The Dutch Bantam Breed Site
Why I Chose Dutch Bantam Chickens
I have always been interested in birds. Ever since I was little I have wanted a bird for a pet. I have thought about many different kinds of birds as pets but I decided that chickens would be the best and most practical. So I started to look for a friendly bantam. I went to chicken shows and looked at the many different kinds of chickens. I really liked Old English Game Bantams because they were small and had many pretty colors. Then I saw the Dutch Bantams! They look similar to the Old English Game but you donít have to dubb them. I liked that so I talked to some breeders and held and talked to some birds. They were very friendly. I thought they were the most wonderful birds! I decided I was going to get my first Dutch Bantams from Loren and Betsy Hadley.
About Dutch Bantams
Dutch Bantams are classified as single comb clean legged bantams. They have white ear lobes and slate colored legs. The Dutch Bantam is the smallest bantam in the Standard. The cock should weigh 21 oz. and the hen 19 oz. Even though they are small they are hardy. They are good layers of small eggs, good broodies and good mothers. The Standard describes them as sprightly, alert, and graceful. They are energetic and beautiful with sweet dispositions.
History of the Dutch Bantams
It is possible that Dutch Bantams were first brought to Holland during the seventeenth century by Dutch seamen trading for spices in the East Indies. They may have been one of the first domesticated chickens to be bred from the wild Jungle Fowl since the original color of the Dutch and the Jungle Fowl is the same.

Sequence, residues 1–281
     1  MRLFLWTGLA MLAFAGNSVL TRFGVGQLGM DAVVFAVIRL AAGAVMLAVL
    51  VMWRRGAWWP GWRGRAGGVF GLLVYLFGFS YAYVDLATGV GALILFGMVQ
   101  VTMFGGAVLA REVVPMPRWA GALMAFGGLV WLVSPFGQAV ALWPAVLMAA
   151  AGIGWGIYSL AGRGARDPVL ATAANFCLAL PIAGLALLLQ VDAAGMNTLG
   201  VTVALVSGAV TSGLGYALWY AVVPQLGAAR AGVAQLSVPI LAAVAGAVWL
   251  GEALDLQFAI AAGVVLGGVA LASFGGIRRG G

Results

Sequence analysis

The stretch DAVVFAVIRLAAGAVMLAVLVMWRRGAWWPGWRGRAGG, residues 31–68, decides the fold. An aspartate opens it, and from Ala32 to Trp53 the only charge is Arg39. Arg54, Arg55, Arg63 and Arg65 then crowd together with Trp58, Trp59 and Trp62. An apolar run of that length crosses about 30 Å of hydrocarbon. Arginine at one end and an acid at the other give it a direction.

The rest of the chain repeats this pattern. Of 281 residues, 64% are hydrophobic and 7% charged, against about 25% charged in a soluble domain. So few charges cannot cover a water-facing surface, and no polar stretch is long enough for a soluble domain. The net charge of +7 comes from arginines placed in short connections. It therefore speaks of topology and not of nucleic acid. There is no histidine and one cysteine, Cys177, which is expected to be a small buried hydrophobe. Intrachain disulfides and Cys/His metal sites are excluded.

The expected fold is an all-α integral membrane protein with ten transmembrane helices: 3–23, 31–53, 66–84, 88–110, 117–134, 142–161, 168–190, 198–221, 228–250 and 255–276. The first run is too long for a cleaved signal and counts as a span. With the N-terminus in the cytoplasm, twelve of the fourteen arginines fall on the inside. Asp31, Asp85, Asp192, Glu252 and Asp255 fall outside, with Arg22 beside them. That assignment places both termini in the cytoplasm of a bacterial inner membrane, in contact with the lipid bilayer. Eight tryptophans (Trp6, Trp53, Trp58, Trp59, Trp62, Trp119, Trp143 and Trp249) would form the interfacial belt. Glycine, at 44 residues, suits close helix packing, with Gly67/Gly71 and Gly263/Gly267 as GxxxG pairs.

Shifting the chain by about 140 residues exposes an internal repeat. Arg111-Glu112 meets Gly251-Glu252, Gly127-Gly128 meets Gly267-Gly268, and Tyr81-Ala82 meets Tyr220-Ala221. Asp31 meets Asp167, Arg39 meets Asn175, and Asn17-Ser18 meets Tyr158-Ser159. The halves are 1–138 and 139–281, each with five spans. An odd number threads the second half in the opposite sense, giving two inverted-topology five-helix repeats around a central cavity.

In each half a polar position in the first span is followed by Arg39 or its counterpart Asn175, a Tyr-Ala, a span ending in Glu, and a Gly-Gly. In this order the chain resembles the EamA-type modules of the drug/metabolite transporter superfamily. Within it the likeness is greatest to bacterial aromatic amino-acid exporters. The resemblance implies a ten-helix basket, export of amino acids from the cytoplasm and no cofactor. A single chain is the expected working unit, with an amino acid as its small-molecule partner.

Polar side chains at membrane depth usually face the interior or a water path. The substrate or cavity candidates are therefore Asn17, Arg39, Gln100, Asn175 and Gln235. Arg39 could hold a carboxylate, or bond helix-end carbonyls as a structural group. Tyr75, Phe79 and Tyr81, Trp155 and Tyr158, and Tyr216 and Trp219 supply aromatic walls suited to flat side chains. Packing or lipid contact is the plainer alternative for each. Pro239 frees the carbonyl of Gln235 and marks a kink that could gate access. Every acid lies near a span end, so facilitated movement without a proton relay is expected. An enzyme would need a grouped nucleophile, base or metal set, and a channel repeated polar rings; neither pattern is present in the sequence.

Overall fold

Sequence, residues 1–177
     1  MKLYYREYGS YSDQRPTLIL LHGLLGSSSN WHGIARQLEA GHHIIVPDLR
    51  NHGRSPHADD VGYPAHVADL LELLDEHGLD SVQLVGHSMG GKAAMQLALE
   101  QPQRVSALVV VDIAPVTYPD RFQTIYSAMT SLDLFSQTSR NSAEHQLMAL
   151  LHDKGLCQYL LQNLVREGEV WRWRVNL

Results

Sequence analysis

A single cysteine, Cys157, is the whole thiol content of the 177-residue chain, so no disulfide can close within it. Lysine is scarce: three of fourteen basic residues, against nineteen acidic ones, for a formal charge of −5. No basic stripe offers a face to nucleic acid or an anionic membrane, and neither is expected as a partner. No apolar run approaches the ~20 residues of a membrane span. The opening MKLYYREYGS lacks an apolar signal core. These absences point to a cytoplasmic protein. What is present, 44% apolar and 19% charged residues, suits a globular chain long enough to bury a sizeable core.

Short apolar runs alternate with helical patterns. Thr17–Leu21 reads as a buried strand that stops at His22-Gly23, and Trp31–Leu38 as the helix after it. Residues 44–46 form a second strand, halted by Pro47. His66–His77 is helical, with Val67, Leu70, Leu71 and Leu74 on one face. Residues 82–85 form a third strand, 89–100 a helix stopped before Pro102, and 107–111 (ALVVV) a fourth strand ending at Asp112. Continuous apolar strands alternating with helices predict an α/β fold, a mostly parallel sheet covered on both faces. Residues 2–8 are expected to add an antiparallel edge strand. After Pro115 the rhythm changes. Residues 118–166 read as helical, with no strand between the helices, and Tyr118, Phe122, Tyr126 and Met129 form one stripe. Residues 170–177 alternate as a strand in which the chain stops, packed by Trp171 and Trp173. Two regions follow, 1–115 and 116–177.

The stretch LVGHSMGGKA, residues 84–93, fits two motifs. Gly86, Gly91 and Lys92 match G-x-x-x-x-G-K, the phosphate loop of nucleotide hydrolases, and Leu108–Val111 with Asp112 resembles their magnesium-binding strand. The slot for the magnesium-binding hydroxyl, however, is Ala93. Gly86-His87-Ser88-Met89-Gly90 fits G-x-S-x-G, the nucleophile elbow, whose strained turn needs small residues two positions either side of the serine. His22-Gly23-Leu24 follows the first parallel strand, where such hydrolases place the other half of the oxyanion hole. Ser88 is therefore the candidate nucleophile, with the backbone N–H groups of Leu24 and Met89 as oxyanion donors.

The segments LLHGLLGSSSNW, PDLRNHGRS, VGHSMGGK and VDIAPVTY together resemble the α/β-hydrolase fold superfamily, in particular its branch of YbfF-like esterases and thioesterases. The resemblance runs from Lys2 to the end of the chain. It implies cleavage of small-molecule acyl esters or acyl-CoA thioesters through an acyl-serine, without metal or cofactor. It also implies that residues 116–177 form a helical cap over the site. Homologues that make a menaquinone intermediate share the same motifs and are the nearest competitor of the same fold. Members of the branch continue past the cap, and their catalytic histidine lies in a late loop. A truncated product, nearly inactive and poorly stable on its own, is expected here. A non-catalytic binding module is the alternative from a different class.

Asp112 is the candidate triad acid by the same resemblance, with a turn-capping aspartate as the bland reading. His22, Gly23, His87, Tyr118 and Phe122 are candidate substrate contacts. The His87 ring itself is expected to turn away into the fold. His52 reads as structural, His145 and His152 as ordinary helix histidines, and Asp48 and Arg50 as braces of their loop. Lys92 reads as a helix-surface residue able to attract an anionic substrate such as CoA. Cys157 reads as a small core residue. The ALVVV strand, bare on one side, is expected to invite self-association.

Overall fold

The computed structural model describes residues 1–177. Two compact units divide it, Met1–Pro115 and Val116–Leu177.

In Holland the Dutch Bantam was first standardized in 1906 by the Dutch Poultry Club. Today their standard recognizes over twenty varities in the Dutch breed. (The 1997 American Bantam Association recognizes only ten varities.) The Dutch Bantam is one of the most popularbreeds in Holland today. It is also quite popular in England.
It appears that Dutch Bantams were first shown in America in the early 1950ís. But then they disappeared. They were imported into this country again about 1970 or so. The American Dutch Bantam Society was started in 1986. The breed has grown in popularity ever since. And itís no wonder - they are the most incredible birds!
I got my Dutch Bantams from Loren and Betsy Hadley in February 1997. I have really enjoyed them. They have been wonderful friends and companions. I look forward to improving my strain in the years ahead.
For more information on this breed write to the American Dutch Bantam Societyís secretary Roy Schell, HC 65 Box 196, Wagarville, Alabama, 36585.
Editor's Note: Arron is a 4-H and American Dutch Bantam Society Member from Washington State.
This page was created by Loren
Hadley in association with